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Search result for brick (5 entries) (6.066 seconds)
ลองค้นหาคำในรูปแบบอื่นๆ เพื่อให้ได้ผลลัพธ์มากขึ้นหรือน้อยลง: -brick-, *brick*.

Result from Foreign Dictionaries (5 entries found)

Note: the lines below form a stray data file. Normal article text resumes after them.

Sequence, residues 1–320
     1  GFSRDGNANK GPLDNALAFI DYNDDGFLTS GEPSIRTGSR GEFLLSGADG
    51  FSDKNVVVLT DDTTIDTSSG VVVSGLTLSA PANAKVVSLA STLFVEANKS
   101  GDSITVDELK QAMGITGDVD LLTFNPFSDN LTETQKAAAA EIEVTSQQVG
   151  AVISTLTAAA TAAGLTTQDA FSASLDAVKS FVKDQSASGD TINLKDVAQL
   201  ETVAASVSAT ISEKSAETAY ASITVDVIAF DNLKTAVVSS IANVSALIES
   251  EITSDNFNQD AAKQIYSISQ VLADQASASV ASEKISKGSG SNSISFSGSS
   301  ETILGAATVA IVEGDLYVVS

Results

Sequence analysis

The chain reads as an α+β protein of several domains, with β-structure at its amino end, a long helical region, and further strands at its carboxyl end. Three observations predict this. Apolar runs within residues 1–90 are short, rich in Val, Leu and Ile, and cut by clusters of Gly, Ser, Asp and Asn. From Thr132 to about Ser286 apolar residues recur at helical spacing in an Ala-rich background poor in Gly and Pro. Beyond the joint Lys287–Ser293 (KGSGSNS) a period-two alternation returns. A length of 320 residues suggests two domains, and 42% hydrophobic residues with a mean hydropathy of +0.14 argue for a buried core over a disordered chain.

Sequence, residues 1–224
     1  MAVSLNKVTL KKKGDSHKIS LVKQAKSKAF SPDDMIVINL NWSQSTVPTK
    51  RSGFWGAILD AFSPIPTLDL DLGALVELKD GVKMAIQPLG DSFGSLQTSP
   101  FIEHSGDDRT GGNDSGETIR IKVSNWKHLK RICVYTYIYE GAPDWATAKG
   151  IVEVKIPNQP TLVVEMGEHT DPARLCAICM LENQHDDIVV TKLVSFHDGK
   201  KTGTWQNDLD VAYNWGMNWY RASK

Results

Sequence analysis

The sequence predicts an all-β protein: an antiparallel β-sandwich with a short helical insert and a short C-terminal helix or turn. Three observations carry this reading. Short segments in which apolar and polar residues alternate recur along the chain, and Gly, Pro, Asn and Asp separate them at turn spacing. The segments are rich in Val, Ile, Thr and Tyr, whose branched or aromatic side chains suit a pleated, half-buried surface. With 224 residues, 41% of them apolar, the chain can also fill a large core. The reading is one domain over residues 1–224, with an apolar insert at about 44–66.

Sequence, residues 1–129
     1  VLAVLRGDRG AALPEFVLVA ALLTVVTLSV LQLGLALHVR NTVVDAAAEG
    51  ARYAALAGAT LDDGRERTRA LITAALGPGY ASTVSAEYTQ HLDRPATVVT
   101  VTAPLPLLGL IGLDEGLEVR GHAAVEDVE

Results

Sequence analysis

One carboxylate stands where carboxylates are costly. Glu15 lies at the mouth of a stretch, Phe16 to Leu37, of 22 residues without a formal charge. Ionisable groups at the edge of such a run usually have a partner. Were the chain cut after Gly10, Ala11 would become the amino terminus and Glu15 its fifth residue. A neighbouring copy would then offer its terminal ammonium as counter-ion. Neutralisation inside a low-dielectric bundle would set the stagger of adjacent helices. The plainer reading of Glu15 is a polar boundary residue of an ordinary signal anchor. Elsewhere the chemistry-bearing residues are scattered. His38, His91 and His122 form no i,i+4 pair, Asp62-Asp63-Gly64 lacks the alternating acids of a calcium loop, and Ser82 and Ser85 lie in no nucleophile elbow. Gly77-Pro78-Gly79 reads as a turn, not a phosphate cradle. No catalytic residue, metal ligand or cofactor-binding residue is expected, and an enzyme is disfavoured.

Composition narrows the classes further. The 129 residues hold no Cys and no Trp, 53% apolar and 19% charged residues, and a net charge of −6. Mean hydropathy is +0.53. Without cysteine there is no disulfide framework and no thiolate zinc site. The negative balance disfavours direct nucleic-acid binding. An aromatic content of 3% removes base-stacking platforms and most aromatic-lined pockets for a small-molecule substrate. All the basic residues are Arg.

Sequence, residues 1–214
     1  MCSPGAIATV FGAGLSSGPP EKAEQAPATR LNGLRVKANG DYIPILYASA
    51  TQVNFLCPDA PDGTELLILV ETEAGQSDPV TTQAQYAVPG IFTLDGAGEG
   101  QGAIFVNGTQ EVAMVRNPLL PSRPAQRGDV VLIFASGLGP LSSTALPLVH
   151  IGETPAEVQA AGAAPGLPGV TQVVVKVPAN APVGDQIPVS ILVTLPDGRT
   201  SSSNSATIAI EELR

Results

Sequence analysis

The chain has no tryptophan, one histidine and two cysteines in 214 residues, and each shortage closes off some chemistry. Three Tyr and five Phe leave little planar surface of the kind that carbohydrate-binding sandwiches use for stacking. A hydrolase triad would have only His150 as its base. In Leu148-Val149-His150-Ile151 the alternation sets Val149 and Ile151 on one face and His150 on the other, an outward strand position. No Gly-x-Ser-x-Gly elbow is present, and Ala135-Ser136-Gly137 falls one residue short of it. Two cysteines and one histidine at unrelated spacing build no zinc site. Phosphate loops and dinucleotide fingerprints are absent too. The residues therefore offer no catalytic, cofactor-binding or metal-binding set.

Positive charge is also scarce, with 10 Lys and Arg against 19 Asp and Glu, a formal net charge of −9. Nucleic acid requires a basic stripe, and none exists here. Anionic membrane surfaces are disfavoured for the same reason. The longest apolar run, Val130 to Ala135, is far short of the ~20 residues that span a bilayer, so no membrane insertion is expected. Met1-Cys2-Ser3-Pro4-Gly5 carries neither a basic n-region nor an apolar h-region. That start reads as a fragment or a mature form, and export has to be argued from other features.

From The Collaborative International Dictionary of English v.0.48 [gcide]: paved \paved\ adj. 1. covered with a firm surface; -- of pathways or roadways. [Narrower terms: {asphalt, macadam, macadamized, tarmac, tarmacadam}; {blacktopped}, {brick}, {cobblestone, cobblestoned}] [Ant: {unpaved}] Syn: hard-surfaced, surfaced, made-up [British], sealed [Australian]. [WordNet 1.5] From The Collaborative International Dictionary of English v.0.48 [gcide]: Brick \Brick\ (br[i^]k), n. [OE. brik, F. brique; of Ger. origin; cf. AS. brice a breaking, fragment, Prov. E. brique piece, brique de pain, equiv. to AS. hl[=a]fes brice, fr. the root of E. break. See {Break}.] 1. A block or clay tempered with water, sand, etc., molded into a regular form, usually rectangular, and sun-dried, or burnt in a kiln, or in a heap or stack called a clamp. [1913 Webster] The Assyrians appear to have made much less use of bricks baked in the furnace than the Babylonians. --Layard. [1913 Webster] 2. Bricks, collectively, as designating that kind of material; as, a load of brick; a thousand of brick. [1913 Webster] Some of Palladio's finest examples are of brick. --Weale. [1913 Webster] 3. Any oblong rectangular mass; as, a brick of maple sugar; a penny brick (of bread). [1913 Webster] 4. A good fellow; a merry person; as, you 're a brick. [Slang] "He 's a dear little brick." --Thackeray. [1913 Webster] {To have a brick in one's hat}, to be drunk. [Slang] [1913 Webster] Note: Brick is used adjectively or in combination; as, brick wall; brick clay; brick color; brick red. [1913 Webster] {Brick clay}, clay suitable for, or used in making, bricks. {Brick dust}, dust of pounded or broken bricks. {Brick earth}, clay or earth suitable for, or used in making, bricks. {Brick loaf}, a loaf of bread somewhat resembling a brick in shape. {Brick nogging} (Arch.), rough brickwork used to fill in the spaces between the uprights of a wooden partition; brick filling. {Brick tea}, tea leaves and young shoots, or refuse tea, steamed or mixed with fat, etc., and pressed into the form of bricks. It is used in Northern and Central Asia. --S. W. Williams. {Brick trimmer} (Arch.), a brick arch under a hearth, usually within the thickness of a wooden floor, to guard against accidents by fire. {Brick trowel}. See {Trowel}. {Brick works}, a place where bricks are made. {Bath brick}. See under {Bath}, a city. {Pressed brick}, bricks which, before burning, have been subjected to pressure, to free them from the imperfections of shape and texture which are common in molded bricks. [1913 Webster] From The Collaborative International Dictionary of English v.0.48 [gcide]: Brick \Brick\, v. t. [imp. & p. p. {Bricked}; p. pr. & vb. n. {Bricking}.] 1. To lay or pave with bricks; to surround, line, or construct with bricks. [1913 Webster] 2. To imitate or counterfeit a brick wall on, as by smearing plaster with red ocher, making the joints with an edge tool, and pointing them. [1913 Webster] {To brick up}, to fill up, inclose, or line, with brick. [1913 Webster] From WordNet (r) 3.0 (2006) [wn]: brick n 1: rectangular block of clay baked by the sun or in a kiln; used as a building or paving material 2: a good fellow; helpful and trustworthy From The Jargon File (version 4.4.7, 29 Dec 2003) [jargon]: brick n. 1. A piece of equipment that has been programmed or configured into a {hung}, {wedged},unusable state. Especially used to describe what happens to devices like routers or PDAs that run from firmware when the firmware image is damaged or its settings are somehow patched to impossible values. This term usually implies irreversibility, but equipment can sometimes be unbricked by performing a hard reset or some other drastic operation. Sometimes verbed: ?Yeah, I bricked the router because I forgot about adding in the new access-list.?. 2. An outboard power transformer of the kind associated with laptops, modems, routers and other small computing appliances, especially one of the modern type with cords on both ends, as opposed to the older and obnoxious type that plug directly into wall or barrier strip.

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